PRIME DIRECTIVE

Amazon tests out robots that might one day replace warehouse workers

We humans often get injured or sick, and can’t usually work round the clock. We also sometimes have families and enjoy healthcare. Robots, on the other hand, have none of these problems.

Which is why Amazon hosted a competition over the weekend to find out if a robot could take the jobs of any of its many employees—more than 50,000 people work in its US warehouses alone—who fulfil our insatiable desires for books, toasters, cameras, and live ladybugs.

The Amazon Picking Challenge, hosted during a robotics conference in Seattle last week, tested a robot’s ability to autonomously grab items from a shelf and place them in a tub. While we have robots that can be programmed to pick things up and put them other places—Rethink Robotics’ Baxter is great at this—it’s much harder to get them to recognize millions of items of different shapes, colors, and sizes on their own.

This requires techniques like computer vision—a method for training computers to understand the context of what they see—as well as really nimble grabbing instruments to pick up all the differently-sized items. Competition judges awarded points for successful picks, and deducted points for dropped or damaged items.

Amazon built a shelf and filled it with a range of everyday items it sells—including Oreos, Cheez-Its, spark plugs, dog treats, and of course, a few books—to test out the challengers’ picking potential. According to Engadget, Team RBO from the Technical University of Berlin absolutely dominated the competition. Out of 12 objects encountered, RBO’s robot was able to successfully pick ten. The robot—which looks like a cross between a Roomba, a welding arm, and a vacuum cleaner—received polite applause from the dozens of people in the audience after it successfully managed to deposit each item.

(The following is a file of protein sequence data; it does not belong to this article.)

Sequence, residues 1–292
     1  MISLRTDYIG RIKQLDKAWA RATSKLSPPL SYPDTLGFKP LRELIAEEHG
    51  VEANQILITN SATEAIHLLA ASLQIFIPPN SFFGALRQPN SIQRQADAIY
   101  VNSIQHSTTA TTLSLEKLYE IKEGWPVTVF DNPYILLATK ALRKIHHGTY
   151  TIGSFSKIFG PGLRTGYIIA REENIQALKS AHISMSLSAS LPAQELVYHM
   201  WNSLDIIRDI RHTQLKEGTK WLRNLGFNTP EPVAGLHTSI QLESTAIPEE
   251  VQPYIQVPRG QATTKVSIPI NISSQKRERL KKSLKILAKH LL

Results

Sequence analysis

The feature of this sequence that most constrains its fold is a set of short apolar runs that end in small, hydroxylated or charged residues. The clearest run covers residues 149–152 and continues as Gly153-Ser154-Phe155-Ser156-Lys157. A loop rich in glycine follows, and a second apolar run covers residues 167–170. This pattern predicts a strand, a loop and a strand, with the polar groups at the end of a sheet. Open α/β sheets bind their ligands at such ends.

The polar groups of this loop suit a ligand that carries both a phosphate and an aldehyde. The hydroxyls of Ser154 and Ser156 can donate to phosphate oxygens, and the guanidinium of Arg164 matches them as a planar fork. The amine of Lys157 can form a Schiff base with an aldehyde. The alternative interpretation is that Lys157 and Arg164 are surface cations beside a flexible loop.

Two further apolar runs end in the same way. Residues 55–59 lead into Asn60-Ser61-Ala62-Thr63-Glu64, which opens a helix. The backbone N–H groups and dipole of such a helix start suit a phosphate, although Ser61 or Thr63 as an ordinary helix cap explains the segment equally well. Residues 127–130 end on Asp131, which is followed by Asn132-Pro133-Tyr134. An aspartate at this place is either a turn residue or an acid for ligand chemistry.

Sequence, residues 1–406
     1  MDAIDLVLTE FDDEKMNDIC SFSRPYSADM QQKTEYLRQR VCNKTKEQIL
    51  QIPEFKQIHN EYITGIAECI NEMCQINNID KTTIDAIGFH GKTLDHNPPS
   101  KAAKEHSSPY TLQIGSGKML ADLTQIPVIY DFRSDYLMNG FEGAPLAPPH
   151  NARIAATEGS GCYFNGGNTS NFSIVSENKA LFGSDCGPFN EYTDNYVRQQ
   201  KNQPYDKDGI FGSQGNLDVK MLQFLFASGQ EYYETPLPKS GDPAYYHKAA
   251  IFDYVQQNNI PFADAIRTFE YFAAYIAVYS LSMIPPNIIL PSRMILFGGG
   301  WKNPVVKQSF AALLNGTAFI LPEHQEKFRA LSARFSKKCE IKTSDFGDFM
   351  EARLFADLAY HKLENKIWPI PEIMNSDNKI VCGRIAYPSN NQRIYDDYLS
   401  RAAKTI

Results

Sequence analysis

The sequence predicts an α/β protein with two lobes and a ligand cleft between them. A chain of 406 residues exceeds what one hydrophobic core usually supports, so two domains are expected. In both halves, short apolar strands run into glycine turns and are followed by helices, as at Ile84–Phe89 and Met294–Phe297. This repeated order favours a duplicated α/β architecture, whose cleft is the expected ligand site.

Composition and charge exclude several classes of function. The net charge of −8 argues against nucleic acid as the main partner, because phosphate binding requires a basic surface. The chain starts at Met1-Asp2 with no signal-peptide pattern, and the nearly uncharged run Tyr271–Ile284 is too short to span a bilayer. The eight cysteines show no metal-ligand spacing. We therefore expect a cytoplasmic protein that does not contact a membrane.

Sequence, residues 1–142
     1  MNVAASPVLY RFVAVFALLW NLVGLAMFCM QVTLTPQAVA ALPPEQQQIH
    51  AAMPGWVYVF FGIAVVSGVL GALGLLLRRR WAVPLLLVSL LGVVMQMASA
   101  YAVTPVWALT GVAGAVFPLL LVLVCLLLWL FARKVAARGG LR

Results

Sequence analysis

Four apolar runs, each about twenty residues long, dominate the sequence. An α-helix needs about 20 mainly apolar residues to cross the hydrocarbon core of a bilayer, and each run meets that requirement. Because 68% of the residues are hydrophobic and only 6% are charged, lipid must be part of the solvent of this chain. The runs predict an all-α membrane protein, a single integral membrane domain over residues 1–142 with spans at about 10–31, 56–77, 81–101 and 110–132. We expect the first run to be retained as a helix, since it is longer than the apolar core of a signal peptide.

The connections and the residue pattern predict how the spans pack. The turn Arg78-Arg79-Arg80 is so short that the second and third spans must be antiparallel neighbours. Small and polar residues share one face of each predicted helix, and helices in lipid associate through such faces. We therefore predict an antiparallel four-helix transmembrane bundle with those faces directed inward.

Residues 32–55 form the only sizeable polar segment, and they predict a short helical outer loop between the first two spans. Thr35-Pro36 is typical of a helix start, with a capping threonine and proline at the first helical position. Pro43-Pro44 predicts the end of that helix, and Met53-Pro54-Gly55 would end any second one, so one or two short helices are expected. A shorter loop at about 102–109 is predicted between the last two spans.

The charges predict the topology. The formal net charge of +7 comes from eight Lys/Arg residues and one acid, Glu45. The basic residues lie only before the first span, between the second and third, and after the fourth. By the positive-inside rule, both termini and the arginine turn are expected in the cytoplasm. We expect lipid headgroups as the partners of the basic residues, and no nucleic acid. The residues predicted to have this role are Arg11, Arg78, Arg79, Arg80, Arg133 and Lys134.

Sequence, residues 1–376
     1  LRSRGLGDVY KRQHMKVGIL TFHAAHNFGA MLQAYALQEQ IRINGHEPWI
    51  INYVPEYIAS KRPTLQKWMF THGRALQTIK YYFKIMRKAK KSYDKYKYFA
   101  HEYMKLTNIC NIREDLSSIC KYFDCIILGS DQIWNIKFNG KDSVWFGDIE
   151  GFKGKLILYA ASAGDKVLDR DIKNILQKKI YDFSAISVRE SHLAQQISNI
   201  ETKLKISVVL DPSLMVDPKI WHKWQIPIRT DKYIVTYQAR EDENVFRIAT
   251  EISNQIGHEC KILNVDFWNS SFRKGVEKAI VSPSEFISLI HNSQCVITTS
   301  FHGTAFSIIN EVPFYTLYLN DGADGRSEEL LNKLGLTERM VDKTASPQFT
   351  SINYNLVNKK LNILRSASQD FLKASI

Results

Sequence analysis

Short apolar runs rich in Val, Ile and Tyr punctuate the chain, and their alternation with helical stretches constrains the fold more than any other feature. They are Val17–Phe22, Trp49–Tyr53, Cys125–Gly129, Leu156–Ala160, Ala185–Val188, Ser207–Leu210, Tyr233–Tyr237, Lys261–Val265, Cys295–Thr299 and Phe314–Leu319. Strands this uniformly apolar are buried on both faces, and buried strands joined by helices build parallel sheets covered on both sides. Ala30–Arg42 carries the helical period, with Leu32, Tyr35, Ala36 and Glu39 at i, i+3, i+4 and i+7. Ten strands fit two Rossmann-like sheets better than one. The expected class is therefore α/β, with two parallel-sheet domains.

RBO won the competition with 148 points—along with $20,000 in prize money—while its closest competitor, a team from MIT, received 88 points.

Amazon already has more than 15,000 robots in its warehouses, according to the MIT Technology Review. These robots are made by Kiva Systems (which Amazon acquired in 2012) and are mainly used to ferry products around the warehouses; a human still needs to put the items in a tub to send them off for packaging.

Kiva’s chief technology officer Pete Wurman was on the organizing committee for this competition, and the shelves the robots were picking from were modeled on the ones that Kiva robots currently move around Amazon’s warehouses.

It’s unlikely, however, that RBO’s robot, or any other’s, will be fulfilling orders for Amazon any time soon. Amazon is actually hiring 6,000 more human workers for its fulfilment warehouses, as we keep wanting more things delivered to us. None of the robots were more effective, or even as effective, at identifying objects than humans and they’re also really, really slow. Somewhat ironically, the items that caused one team the most grief were the first things Amazon sold: thin paperback books.

But that doesn’t mean it won’t happen in the future. The next generation of robots will undoubtably be faster and more adept at identifying objects, whereas the next generation of humans will pretty much be as good as the current one.

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